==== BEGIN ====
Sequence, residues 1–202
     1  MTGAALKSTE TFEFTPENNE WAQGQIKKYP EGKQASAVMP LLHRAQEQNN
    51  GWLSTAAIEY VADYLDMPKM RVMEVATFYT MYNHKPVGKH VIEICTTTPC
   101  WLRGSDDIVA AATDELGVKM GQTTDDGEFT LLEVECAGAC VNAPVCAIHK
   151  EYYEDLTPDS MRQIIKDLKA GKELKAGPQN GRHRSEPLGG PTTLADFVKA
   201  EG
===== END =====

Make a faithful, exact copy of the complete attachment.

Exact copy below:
Sequence, residues 1–202
     1  MTGAALKSTE TFEFTPENNE WAQGQIKKYP EGKQASAVMP LLHRAQEQNN
    51  GWLSTAAIEY VADYLDMPKM RVMEVATFYT MYNHKPVGKH VIEICTTTPC
   101  WLRGSDDIVA AATDELGVKM GQTTDDGEFT LLEVECAGAC VNAPVCAIHK
   151  EYYEDLTPDS MRQIIKDLKA GKELKAGPQN GRHRSEPLGG PTTLADFVKA
   201  EG